Pope Francis

Pope Francis On Immigration: Don’t Let Mediterranean Become A Graveyard

On Tuesday, Pope Francis addressed the European parliament in Strasbourg, on the border between France and Germany, and blasted policies on immigration and decried the decaying state of the continent. It was the first papal address to the parliament in 26 years.

In 1988, Pope John Paul II addressed the European parliament and called Europe a beacon of civilization while being heckled as the Antichrist. 26 years later, Pope Francis addressed the parliament and called Europe “elderly and haggard.” Afterwards, he received a two-minute standing ovation. It’s amazing how the times have changed.

The Pope’s speech stressed the need to fix Europe’s immigration system, saying, “we cannot allow the Mediterranean Sea to become a vast cemetery.” He was referring to the thousands of immigrants who drown trying to get across the Mediterranean from North Africa. According to the Financial Times, Pope Francis made a special visit to the Sicilian island of Lampedusa, a popular migrant landing point.

The European Union has been fighting over how best to handle rising illegal immigration and who should bear the costs of rescuing immigrants. Pope Francis described the infighting as encouraging less than adequate solutions.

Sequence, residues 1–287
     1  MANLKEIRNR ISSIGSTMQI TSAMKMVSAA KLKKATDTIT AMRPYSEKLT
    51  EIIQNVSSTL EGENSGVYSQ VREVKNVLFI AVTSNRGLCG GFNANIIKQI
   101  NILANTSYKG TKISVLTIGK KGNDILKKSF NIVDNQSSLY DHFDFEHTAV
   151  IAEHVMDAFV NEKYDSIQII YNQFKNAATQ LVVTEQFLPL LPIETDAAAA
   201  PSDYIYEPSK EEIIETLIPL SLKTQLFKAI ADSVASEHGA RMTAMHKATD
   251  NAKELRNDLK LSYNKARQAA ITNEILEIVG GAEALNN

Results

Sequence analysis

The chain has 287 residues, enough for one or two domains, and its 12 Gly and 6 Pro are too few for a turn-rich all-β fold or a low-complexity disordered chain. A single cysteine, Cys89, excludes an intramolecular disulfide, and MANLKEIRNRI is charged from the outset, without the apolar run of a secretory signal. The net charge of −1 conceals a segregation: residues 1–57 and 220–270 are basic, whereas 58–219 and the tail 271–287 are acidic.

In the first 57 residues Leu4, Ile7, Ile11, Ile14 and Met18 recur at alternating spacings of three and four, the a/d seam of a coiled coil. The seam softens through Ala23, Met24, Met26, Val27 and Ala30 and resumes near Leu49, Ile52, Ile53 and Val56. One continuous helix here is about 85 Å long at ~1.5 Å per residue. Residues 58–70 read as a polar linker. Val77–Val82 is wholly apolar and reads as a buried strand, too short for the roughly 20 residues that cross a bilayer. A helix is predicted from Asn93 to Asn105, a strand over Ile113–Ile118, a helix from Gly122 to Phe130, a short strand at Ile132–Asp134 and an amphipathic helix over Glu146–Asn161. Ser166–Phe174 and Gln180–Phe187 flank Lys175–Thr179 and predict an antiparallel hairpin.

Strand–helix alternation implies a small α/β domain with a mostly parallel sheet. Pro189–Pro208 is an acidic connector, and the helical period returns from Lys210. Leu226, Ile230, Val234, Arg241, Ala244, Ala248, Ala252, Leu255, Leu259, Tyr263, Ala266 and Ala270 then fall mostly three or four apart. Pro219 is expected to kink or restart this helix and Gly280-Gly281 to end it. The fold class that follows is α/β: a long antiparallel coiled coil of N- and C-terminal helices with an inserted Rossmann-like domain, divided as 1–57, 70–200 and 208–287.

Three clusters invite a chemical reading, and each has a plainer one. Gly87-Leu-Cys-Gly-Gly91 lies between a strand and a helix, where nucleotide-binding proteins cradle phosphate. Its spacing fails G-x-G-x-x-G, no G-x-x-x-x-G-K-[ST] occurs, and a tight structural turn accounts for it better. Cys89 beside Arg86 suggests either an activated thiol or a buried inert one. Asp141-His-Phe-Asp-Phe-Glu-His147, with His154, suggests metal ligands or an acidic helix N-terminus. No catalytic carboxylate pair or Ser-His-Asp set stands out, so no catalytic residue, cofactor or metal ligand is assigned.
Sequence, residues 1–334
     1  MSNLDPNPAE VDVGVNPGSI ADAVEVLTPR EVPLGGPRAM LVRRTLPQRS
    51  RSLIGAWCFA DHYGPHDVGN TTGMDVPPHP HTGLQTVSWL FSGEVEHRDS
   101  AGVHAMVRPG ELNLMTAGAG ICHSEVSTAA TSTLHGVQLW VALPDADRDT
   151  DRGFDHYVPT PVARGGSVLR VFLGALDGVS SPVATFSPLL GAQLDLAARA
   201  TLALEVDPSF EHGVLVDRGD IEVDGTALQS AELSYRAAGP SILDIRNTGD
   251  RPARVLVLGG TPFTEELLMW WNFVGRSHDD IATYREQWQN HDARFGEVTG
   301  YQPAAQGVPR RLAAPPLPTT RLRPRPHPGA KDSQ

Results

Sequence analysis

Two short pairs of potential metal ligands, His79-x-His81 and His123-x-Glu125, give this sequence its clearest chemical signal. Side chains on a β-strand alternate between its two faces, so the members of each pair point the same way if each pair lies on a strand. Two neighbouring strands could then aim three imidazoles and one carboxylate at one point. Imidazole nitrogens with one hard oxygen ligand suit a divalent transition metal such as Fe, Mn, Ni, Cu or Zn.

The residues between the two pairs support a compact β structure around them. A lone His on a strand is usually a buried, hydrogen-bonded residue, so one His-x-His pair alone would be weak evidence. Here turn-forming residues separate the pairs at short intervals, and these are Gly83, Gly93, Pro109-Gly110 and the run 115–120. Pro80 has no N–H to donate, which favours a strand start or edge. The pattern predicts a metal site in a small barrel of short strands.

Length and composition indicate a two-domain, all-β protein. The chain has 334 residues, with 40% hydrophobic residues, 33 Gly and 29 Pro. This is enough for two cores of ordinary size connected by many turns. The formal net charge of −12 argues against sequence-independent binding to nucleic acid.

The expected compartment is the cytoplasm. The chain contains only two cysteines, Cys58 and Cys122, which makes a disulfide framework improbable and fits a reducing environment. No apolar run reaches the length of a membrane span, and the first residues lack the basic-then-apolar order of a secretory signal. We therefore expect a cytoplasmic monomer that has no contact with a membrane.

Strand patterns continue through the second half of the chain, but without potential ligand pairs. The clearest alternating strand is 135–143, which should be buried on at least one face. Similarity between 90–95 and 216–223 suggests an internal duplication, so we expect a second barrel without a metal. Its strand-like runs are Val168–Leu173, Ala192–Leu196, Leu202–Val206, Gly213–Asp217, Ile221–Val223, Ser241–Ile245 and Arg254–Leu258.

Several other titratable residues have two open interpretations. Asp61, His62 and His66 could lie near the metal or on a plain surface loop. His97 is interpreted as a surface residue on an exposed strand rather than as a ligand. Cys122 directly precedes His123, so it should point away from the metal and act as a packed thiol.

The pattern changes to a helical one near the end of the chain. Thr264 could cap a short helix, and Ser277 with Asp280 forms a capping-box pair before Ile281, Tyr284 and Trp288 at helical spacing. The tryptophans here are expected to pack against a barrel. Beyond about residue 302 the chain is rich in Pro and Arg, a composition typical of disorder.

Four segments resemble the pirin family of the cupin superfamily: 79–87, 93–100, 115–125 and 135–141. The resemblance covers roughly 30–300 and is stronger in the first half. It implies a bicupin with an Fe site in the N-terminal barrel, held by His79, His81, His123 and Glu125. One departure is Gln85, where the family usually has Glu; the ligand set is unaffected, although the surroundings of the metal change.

“The absence of mutual support within the European Union runs the risk of encouraging… solutions which fail to take into account the human dignity of immigrants, and thus contribute to slave labour and continuing social tensions.”

According to the BBC, the Pope’s speech comes as Greek authorities are trying to rescue a cargo ship where an estimated 500 migrants are imperiled.

Some of Pope Francis’ harshest words were used to describe Europe as in a state of decay, likening it to an elderly grandmother.

“We encounter a general impression of weariness and ageing, of a Europe that is no longer fertile and vibrant,. The great ideas that once inspired Europe seem to have lost their attraction, only to be replaced by the bureaucratic technicalities of its institutions.”

The Pope went on to discuss Europeans general distrust of the European bureaucracy. As the New York Times put it, the system is widely seen as “wasteful, elitist and self-serving.” The mistrust has led many to vote for far-right parties like France’s National Front party, which made significant gains in the May elections.

Pope Francis left the parliament after his 36 minute speech and two minute standing ovation. According to the Guardian, he gave the speech in Italian and spoke in English, French, and German without the help of translators.

His trip to Strasbourg was Pope Francis’ second trip to Europe outside of Italy in his 20 months as Pope, his first being a trip to Europe’s poorest country, Albania.

[Image Credit: Agência Brasil/Wikimedia Commons]